Sen. Elizabeth Warren isn’t letting up on Sallie Mae and how the Newark, Del.-based student lender may be benefitting from an inexpensive Federal Home Loan Bank credit line. The Massachusetts Democrat and consumer protection champion sent Sallie Mae President/CEO Jack Remondi a letter Friday that compared the lender’s use of the funds to how big banks benefitted from TARP funds.
When Warren served as chair of the Congressional Oversight Panel for TARP, she said she learned that government cash infusions into private companies, along with direct and indirect subsidies, can raise complex questions about which activities are being supported. Additionally, she said she learned to question whether companies receiving assistance are being entirely forthright in its description of the impact of such support.
“While I understand one of the key goals of the FHLBs is to finance economic growth, it is troubling to me that, based upon your representations, Sallie Mae’s use of the credit line does not appear to lead to the origination of any new loans or assist troubled student borrowers,” Warren said. “If that is the case, then I am having difficulty understanding how the line of credit to Sallie Mae meets the FHLB’s stated goals.”
Warren also said she’s concerned that Sallie Mae, which was originally chartered as a government-sponsored entity but is now a private company, continues to receive indirect and direct government-supported subsidies, including some that extend well beyond the FHLB credit line.
“At the same time, students continue to pay high interest rates on their loans,” she said.
Warren has been a supporter of low-rate student loans, introducing a short-term plan earlier this year that would have dropped rates on federally guaranteed loans for needy students. Democratic attempts to extend temporarily low student loan rates failed in Congress, and rates will double from 3.4% to 6.8% on July 1 for federally guaranteed student loans.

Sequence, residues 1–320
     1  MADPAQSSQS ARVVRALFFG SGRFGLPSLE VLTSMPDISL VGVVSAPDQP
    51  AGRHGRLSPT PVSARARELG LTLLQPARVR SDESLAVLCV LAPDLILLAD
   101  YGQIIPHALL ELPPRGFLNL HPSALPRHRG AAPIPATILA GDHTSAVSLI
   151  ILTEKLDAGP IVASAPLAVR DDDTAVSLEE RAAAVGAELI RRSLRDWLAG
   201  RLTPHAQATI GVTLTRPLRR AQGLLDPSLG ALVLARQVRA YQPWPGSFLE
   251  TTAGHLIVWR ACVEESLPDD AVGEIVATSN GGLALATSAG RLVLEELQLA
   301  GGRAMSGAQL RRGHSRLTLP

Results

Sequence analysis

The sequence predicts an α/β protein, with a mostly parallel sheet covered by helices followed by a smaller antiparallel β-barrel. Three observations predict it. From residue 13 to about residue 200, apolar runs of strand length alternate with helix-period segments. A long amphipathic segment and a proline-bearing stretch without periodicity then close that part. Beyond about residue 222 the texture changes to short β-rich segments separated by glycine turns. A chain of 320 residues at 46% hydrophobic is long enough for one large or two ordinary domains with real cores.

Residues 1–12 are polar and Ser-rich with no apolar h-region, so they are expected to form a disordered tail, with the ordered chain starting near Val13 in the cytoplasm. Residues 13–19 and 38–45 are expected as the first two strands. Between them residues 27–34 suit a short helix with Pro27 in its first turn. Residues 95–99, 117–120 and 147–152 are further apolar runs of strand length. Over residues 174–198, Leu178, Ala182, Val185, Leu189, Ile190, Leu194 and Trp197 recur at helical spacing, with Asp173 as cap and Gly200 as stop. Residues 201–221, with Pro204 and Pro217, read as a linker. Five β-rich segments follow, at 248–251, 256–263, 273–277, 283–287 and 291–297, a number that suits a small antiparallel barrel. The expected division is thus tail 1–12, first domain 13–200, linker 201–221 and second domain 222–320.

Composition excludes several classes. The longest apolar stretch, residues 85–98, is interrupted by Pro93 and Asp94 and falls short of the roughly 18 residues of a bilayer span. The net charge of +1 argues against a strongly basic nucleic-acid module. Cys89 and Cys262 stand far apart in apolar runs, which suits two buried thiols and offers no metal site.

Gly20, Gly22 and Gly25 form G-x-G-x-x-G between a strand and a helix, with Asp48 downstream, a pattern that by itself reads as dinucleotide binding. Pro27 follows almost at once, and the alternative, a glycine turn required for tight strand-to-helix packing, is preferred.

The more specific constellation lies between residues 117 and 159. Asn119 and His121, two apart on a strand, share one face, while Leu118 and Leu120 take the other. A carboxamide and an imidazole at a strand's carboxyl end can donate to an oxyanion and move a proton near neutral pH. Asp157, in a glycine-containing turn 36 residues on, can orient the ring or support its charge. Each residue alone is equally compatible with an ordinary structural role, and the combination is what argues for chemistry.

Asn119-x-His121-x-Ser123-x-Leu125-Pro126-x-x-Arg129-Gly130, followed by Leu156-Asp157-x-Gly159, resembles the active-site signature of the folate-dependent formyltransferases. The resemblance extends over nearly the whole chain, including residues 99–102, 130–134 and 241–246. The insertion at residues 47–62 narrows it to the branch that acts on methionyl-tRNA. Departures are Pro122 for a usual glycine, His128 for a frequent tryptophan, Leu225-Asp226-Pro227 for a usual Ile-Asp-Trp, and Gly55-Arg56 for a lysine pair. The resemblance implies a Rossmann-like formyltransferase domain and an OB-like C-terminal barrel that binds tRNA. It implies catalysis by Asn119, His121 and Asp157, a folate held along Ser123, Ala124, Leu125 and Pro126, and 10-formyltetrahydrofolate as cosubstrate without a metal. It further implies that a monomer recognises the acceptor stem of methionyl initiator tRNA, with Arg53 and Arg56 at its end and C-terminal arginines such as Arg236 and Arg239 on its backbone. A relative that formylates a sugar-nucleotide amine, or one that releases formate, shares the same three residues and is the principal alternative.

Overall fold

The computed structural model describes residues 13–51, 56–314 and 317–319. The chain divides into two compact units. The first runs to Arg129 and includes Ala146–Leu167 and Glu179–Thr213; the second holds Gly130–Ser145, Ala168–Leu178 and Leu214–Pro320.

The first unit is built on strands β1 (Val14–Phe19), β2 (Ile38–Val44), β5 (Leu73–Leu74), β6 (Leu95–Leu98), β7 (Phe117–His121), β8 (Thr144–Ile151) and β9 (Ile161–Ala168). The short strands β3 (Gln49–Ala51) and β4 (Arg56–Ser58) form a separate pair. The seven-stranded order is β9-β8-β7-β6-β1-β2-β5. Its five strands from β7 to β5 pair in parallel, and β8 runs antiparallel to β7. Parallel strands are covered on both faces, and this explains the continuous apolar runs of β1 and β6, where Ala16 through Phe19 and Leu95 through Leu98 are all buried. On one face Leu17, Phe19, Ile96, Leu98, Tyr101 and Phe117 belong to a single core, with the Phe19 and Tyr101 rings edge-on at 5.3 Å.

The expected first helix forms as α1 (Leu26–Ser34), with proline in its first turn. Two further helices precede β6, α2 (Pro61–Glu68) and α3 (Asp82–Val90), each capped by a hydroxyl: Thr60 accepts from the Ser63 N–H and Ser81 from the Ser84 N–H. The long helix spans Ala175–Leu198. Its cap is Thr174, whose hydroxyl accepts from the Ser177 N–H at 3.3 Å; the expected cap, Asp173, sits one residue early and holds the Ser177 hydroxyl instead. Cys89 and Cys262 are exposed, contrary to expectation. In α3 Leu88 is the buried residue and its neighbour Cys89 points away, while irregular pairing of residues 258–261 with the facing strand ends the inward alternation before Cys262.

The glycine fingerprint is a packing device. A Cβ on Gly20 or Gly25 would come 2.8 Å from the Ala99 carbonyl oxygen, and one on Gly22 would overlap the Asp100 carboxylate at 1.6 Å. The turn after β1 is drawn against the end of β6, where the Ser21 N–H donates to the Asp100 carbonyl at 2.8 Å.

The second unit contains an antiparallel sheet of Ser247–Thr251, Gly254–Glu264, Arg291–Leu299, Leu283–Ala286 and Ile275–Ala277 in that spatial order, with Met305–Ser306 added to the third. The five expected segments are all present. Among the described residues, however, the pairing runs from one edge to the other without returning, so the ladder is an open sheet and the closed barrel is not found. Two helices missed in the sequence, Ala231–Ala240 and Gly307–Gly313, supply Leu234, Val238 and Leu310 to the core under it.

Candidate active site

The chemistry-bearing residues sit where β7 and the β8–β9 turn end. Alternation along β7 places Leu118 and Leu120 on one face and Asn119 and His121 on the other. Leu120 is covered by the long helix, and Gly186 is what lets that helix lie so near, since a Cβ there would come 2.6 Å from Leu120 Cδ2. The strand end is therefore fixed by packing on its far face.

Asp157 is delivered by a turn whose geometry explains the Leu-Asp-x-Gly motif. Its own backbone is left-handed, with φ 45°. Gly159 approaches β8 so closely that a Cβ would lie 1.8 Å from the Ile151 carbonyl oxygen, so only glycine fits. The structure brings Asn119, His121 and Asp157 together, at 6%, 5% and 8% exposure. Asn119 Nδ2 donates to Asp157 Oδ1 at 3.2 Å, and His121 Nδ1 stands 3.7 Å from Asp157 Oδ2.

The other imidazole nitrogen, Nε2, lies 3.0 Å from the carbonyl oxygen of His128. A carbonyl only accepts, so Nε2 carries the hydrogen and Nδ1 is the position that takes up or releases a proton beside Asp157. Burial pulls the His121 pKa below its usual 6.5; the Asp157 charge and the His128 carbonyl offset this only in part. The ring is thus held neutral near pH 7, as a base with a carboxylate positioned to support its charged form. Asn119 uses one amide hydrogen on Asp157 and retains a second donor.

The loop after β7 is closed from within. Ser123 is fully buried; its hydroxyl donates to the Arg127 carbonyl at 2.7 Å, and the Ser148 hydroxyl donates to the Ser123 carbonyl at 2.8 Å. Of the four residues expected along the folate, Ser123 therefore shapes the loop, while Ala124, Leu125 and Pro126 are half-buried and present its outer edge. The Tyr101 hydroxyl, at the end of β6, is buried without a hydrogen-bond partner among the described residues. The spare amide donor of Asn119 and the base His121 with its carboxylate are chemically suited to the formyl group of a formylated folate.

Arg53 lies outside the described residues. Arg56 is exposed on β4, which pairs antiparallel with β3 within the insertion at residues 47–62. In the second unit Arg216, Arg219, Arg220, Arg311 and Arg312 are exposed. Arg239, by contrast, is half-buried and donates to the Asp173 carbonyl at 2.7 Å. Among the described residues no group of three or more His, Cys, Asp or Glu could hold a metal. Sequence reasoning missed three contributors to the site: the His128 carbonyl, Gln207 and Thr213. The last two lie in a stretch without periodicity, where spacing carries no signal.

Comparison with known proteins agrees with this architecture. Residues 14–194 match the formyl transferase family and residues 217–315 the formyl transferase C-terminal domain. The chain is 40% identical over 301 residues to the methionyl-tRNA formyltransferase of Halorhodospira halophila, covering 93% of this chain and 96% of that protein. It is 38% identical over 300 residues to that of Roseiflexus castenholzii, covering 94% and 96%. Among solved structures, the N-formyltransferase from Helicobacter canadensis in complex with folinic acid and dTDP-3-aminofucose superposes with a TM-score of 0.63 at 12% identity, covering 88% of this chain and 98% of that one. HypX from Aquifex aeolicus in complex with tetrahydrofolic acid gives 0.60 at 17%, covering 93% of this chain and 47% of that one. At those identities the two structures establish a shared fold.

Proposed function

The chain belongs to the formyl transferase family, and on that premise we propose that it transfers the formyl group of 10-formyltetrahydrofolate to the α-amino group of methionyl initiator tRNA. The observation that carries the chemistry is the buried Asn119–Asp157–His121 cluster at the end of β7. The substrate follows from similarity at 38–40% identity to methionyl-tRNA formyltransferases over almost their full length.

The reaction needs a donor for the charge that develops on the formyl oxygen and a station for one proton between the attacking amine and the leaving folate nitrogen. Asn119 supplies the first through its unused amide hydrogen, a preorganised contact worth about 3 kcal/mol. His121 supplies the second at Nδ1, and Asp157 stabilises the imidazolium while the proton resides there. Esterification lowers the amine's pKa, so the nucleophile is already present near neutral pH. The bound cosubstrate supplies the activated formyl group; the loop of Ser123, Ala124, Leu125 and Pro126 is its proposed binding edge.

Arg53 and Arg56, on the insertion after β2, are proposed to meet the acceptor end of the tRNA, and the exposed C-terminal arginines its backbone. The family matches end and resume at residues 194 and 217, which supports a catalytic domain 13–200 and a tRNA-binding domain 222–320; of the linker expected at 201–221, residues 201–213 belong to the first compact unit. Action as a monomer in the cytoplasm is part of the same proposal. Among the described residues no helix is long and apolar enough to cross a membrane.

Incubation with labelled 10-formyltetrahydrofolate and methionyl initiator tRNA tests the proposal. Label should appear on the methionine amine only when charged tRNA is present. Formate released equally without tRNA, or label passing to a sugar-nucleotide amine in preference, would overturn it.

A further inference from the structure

Warren criticized Sallie Mae for profiting from selling federally guaranteed student loans to the government and borrowing billions from a Department of Education created asset-backed commercial paper facility at a rate of 0.82%.
“Sallie Mae’s corporate filings state that it may choose to refinance that amount to an astonishing low 0.34% using the FHLB credit line,” she said. “This piling on of government-supported benefits is in addition to the big fees Sallie Mae generates as a servicer and debt collector on federal student loans.”
The senator said she finds the practice disturbing because while Sallie Mae profits from government programs, borrowers are paying interest rates “far in excess of the low cost of funds supported by the U.S. taxpayers.”
A Sallie Mae spokesperson did not immediately respond to a request for comment.